Cards such as Thrun, the Last Troll and Geist of Saint Traft are found in heavy control metagames. The untargetability of the two creatures in a format that’s populated with 90% spot removal can often easily win games. The downsides are the mana costs of these legendary menaces. Four mana in a very mana-hungry deck can be obnoxious, and the same could be said for the blue requirement of Geist. But if you’re already splashing blue, Rhox War Monk for life gain against burn isn’t terrible or Spell Pierce against combo.


One would think Stoneforge Mystic would be under the core of the deck. Recent lists have been moving away from Stoneforge Mystic, there were several lists day 2 of Grand Prix: Indianapolis that weren’t running any -these lists were mostly inspired by the Canadian players. At Baltimore I was lucky enough to have my round one opponent not to show up, meaning that I got to watch some feature matches! I was an onlooker to Ryan McKinney vs. Brian Kibler, after the match I was part of a group conversation where Kibler was mentioning how slow Stoneforge Mystic was and how it doesn’t actually improve the deck. Most lists would just be better off running two Umezawa’s Jitte according to Kilber. This wasn’t his only argument, the rest have since slipped my mind, but they were very convincing at the time.


What does this mean? A lot of players are looking for a card to ban from Maverick to stop the deck’s recent success. Many people are pointing fingers at Stoneforge Mystic which would be a bit foolish since many lists are leaving behind the Squire-Tutor. Stoneforge Mystic, while being unfair at times isn’t, the sole reason of consistency within these Maverick decks. What Mystic does do is turn mediocre threats such as Scryb Ranger into an actual card that needs to be answered by attaching a Sword. Many people think of Stoneforge Mystic and associate Batterskull, when looking at a majority of successful Maverick lists Batterskull is absent. The reason being that it just isn’t needed. The card is clunky and the deck already has cards that serve similar functions. If Stoneforge Mystic isn’t cheating a five mana card into play, it’s just a tutor for equipment – a more expensive Steelshaper’s Gift! At that point, the deck would actually just be better off playing more actual threats.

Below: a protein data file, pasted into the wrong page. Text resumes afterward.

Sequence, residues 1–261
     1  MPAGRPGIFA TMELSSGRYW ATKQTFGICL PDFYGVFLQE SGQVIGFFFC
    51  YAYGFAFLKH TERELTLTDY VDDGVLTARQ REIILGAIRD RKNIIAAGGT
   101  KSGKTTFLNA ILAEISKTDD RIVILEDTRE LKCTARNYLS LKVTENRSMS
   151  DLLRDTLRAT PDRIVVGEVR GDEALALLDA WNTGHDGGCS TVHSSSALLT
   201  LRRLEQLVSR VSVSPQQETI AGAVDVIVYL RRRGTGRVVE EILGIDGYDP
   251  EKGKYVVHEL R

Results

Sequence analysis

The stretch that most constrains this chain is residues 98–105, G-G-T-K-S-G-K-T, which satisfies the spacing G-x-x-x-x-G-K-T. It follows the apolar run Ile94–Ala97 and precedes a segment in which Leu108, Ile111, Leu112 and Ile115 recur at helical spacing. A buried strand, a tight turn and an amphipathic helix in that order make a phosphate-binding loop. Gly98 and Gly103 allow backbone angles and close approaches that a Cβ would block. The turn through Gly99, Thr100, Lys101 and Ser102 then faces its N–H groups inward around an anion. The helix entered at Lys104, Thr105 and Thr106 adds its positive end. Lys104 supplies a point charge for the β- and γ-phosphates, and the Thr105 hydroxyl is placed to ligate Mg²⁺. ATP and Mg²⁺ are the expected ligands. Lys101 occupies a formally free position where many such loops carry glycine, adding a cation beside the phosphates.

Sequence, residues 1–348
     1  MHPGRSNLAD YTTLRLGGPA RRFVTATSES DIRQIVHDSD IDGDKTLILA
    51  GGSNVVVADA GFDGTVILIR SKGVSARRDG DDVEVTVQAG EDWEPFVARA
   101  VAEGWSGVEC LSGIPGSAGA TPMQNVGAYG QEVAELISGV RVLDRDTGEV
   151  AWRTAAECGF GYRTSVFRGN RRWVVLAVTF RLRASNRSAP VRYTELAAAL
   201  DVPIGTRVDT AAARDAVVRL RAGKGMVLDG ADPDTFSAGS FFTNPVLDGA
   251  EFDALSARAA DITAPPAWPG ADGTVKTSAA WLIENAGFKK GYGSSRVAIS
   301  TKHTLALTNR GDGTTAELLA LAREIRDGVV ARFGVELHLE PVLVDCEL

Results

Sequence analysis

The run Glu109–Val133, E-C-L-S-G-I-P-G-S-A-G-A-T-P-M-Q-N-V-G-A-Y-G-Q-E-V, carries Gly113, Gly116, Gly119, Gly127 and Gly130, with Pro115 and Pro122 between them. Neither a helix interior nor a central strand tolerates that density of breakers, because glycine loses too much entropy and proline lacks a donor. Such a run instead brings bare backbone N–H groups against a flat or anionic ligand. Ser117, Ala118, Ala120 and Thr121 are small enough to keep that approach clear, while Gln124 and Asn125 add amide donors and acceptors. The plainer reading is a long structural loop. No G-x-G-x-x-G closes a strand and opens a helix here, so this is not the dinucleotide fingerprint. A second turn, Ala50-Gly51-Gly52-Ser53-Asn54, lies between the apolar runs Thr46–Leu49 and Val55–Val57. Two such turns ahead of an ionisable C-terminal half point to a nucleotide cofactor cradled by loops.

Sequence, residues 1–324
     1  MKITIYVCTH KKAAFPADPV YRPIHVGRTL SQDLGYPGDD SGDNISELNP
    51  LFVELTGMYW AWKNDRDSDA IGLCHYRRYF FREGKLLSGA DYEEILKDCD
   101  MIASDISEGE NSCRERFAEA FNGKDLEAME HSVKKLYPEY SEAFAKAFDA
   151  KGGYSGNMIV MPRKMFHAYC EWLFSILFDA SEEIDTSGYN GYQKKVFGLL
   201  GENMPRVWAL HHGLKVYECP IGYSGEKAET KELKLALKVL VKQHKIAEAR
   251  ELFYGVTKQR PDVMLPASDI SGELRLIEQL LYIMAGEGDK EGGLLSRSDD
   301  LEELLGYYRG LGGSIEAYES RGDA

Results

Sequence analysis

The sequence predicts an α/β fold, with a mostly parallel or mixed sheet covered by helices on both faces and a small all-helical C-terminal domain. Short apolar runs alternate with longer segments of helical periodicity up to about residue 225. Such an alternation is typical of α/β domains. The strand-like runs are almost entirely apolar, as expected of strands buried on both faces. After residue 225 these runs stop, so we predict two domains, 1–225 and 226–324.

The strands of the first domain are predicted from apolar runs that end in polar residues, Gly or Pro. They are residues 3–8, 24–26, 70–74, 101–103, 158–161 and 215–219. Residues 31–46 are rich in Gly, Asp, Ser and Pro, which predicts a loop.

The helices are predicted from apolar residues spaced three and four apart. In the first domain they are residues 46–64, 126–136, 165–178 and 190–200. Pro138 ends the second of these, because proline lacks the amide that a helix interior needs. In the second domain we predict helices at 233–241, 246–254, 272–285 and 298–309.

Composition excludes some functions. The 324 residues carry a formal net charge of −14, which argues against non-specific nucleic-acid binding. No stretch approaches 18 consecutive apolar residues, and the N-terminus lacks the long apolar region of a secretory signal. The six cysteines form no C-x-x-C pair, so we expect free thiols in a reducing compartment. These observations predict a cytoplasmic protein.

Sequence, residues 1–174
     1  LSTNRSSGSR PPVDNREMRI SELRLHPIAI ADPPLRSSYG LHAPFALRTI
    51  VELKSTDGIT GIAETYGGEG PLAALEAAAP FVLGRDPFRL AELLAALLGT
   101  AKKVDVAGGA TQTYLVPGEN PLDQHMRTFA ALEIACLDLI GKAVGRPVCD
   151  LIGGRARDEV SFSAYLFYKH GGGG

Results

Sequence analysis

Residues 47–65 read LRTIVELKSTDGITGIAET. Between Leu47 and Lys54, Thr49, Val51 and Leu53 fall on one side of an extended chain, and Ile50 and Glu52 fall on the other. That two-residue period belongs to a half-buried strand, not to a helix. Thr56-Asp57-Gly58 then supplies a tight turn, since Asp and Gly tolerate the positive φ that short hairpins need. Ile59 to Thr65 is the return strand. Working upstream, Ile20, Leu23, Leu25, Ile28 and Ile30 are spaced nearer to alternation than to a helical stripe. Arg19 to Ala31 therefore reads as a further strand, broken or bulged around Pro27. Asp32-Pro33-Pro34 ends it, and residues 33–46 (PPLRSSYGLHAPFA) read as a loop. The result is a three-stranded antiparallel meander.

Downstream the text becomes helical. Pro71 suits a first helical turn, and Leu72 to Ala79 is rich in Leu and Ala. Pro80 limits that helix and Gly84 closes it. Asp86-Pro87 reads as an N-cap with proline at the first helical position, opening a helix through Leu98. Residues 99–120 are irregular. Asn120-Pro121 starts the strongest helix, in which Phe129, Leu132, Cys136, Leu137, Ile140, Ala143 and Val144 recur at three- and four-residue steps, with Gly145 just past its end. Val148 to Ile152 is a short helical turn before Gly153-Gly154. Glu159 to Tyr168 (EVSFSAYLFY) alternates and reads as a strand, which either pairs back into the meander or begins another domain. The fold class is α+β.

Maverick isn’t really benefiting from Stoneforge Mystic, the more likely culprit would be the main source of consistency – Green Sun’s Zenith. The card is a reusable tutor to put any creature besides Mother of Ruins, Thalia, or Stoneforge Mystic (in lists that still play it) into play that isn’t restricted! A one-of Gaddock Teeg to stop Storm Combo is now a five-of with four Green Suns in the decklist. Same could be said for Thrun against control decks! The card provides virtual repetitive threats. Maverick is allowed to play Rampant Growth at the cost of one green mana and it can attack for one (Dryad Arbor)! Green Sun Zenith is a multifunctional card that may be pushing the boundaries of how good the card is for Legacy. Although, I don’t believe that it or any other card in the deck should be banned. I’m going to say this in one line to get this point across:


Maverick is the most fair deck in Legacy.


The deck literally wins with 1/1’s and 2/2’s most of time. Yes, it can win with a huge Knight of the Reliquary but how often does this happen with many decks in the format holding removal for the card? I think the problem is that people haven’t taken Maverick seriously as a deck that stands tall in the Legacy metagame. The metagame has shifted and players haven’t shifted or prepared to stay current within the new metagame. People need to be boarding Virtue’s Ruin as they did Perish during NO RUG’s reign. Other options include Sulfur Elemental or Dread of Night. Respect the deck, people. It’s a great, fair deck that can win on the back of small utility creatures that turn sideways. It’s what Wizards of the Coast loves to see, people winning rounds through the red zone. I wouldn’t count on anything being banned for the time being, I suggest picking strategies in a new and different metagame that answer these pests.


Well that’s all for this week, come back again next week! Until then, keep Storming!


Bryant Cook


Bryant Cook on MTGthesource